Just kidding. (Aside: I don't know if that joke was funny or not. At least I tried!) I still do have lots more to say, because that's just the kind of verbose makeup geek I am. The MoistureWhite Bright Compact Foundation actually has two different colours in the compact. The main colour, which takes up most of the space in the compact, is the foundation colour. But there is also a little pink, shimmering strip inside, that is meant to act as a highlighter of sorts to brighten your complexion. The Body Shop claims on their website that the product is "infused with light-diffusing fine mica pearls" and that "the illuminating part of the compact is designed to bring multi-dimensional light...so your complexion looks radiant from every angle". Whitening, brightening, and illuminating properties in base makeup (primers, foundations, BB creams and so on) are always popular in Asia, so this is definitely the kind of marketing that people would be curious about.
Right, you say. So the MoistureWhite Bright Compact Foundation has brightening properties. But how does it work? Which ingredients give it these awesome illuminating properties? And speaking of brightening, does this product actually contain anything that will brighten my skin over the long term, like a skincare product? (See, this is why I have more to say!) And to answer such questions, we'll start off at the ingredients list of the products, and take a look there.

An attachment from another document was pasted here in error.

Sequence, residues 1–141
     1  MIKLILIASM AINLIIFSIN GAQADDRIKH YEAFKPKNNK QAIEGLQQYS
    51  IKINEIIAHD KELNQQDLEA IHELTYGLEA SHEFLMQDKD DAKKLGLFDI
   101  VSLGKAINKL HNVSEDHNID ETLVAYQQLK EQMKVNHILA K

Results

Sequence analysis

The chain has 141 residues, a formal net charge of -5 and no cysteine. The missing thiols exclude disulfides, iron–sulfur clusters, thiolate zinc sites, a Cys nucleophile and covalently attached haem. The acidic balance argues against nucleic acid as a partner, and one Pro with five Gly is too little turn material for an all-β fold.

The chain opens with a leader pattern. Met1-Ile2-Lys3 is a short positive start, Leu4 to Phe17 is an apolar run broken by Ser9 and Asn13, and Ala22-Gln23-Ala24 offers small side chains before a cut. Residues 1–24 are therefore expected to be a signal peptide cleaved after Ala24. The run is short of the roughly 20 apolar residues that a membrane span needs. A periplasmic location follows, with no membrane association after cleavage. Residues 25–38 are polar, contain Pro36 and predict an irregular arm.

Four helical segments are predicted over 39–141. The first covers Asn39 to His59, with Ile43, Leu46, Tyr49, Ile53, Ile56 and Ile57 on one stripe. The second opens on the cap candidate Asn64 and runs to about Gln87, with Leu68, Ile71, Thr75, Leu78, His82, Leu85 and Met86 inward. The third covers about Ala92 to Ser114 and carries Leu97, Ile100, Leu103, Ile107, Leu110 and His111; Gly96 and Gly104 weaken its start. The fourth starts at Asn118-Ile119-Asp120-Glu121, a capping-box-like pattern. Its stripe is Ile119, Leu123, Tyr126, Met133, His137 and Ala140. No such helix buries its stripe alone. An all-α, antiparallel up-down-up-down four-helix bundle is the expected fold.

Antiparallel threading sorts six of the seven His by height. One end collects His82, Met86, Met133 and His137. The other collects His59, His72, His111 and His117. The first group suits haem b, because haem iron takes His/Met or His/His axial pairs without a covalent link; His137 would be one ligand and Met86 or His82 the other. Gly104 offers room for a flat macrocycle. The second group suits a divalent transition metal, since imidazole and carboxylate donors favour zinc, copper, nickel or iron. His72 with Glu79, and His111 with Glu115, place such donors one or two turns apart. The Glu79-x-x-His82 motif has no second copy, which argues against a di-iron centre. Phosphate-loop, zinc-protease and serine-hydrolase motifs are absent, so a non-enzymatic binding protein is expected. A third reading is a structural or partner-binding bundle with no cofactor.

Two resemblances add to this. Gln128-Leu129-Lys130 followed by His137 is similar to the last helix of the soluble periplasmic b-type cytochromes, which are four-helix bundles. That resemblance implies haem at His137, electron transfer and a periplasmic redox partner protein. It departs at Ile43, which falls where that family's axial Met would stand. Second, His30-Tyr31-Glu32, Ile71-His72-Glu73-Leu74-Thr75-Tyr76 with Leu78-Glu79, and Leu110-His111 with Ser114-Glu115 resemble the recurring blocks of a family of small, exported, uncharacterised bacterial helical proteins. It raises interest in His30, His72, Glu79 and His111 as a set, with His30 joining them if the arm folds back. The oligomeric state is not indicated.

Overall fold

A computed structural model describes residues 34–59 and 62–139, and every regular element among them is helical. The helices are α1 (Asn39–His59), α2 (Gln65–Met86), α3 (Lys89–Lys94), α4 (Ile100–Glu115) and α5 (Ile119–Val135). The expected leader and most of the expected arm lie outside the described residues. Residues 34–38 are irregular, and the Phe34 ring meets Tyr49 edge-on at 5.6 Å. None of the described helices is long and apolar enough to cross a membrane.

The ingredients are pretty typical for a powder foundation, and nothing out of the ordinary. There's Talc, a naturally-occuring mineral that has long been used in cosmetics and is pretty much the base for the vast majority of powder foundations and face powders, there are brighteners and shimmer of various types (Mica, Synthetic Fluorphlogopite, which I accidentally bought too much of in my last Coastal Scents haul), which of course give the product its nice illuminating effect. The mix of Mica and Synthetic Fluorphlogopite (which can function as a bulking agent, but also provides a fairly fine, non-obvious kind of shimmer, and is also found in products like the Guerlain Meteorites and other high-end powders or highlighteres like Chanel, Hourglass and so on) suggests that the product may have itsy bits of sparkle, but nothing too overwhelming. Then there are the sunscreen filters (Ethylhexyl Methoxycinnamate is the only filter used here), and other functional ingredients like thickeners (Magnesium Stearate), film formers (Polymethyl Methacrylate), polymers and other anticaking agents (HDI/Trimethylol Hexyllactone Crosspolymer, Nylon-12), Dimethicone, a silicone with a nice slip on the skin with some emollient properties, and, Diisostearyl Malate, also an emollient. There is also Silica, a filler that also has nice oil-absorbing and other cosmetic properties (I'm actually a big fan of straight up 100% silica powder, as evidenced by this super ancient blogpost from 2012, where I said I had been using silica powder for 3 years).
After that, we reach the main preservative, Phenoxyethanol, which is typically used in amounts of under 1%, so the rest of the ingredients are in pretty small doses of less than 1%. This would include the plant oils and other extracts (Sclerocarya Birrea Seed Oil, Vitis Vinifera Seed Oil, Perilla Ocymoides Seed Oil, Glycine Soja Oil, Rosa Alba Flower Extract, Glycyrrhiza Glabra Root Extract), as well as Magnesium Ascorbyl Phosphate, which has antioxidant and whitening benefits, and other functional ingredients like emollients (Hydrogenated Polydecene, Caprylyl Glycol), some secondary silicones and polymers (Methicone, Dimethicone/Methicone Copolymer, Triethoxycaprylylsilane), and the like.